An Indiscreet Princess, very much on the other hand, leans into all the salacious gossip and leans into so hard it falls over into more than a few pre- and post-marital beds. (It also explicitly reinforces the worst of the rumors about Queen Victoria’s behavior with her Scottish manservant John Brown) It is, admittedly, a much more fun account of Louise’s life than the other, a feeling that is helped by starting her story later, as she is inveigling her mother to let her attend art school, and a point where Louise has a bit more agency – or at least more awareness of just how little she has – than in Shadow which begins with Prince Albert’s death and glums its way through the worst of Victoria’s mourning years.

While the Princess in Indiscreet is more interesting to read about, because she thinks more and does more, this is also a story about a lot of privileged people being privileged and selfish and generally behaving fairly badly to each other while not considering ANY of the effects on anybody else. What seem like more frank portraits of everyone in the royal orbits is more interesting to read – as tell-all gossips often are – but doesn’t leave the reader with a whole lot of sympathy for much of anyone involved.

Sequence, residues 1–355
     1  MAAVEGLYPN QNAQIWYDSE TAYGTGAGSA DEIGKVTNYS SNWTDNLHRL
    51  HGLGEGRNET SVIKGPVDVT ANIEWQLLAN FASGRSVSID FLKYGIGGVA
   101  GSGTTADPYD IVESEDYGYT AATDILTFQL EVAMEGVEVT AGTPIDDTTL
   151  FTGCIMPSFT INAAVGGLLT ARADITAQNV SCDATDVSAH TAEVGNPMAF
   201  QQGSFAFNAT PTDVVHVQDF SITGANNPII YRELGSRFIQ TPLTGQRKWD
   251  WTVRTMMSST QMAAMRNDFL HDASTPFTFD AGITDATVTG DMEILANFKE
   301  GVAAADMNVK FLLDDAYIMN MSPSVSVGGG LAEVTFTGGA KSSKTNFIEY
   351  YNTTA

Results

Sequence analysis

All of which is a very different reaction than I had to the author’s previous book about one of the royal family’s other notorious scapegraces, The Other Windsor Girl about the life of Princess Margaret. Which I liked quite a bit better because while the focus in that book was on Margaret, the story is told from an outsider’s perspective which lets us see, perhaps, a bit more clearly than Louise is able to see herself.

Review: The Other Windsor Girl by Georgie Blalock

Review: The Other Windsor Girl by Georgie BlalockThe Other Windsor Girl: A Novel of Princess Margaret, Royal Rebel by Georgie Blalock
Format: eARC
Source: supplied by publisher via Edelweiss
Formats available: paperback, large print, ebook, audiobook
Genres: historical fiction
Pages: 400
Published by William Morrow Paperbacks on November 5, 2019
Purchasing Info: Author's WebsitePublisher's WebsiteAmazonBarnes & NobleKoboBook Depository
Goodreads

In a historical debut evoking the style of The Crown, the daughter of an impoverished noble is swept into the fame and notoriety of the royal family and Princess Margaret's fast-living friends when she is appointed as Margaret's second Lady-in-Waiting.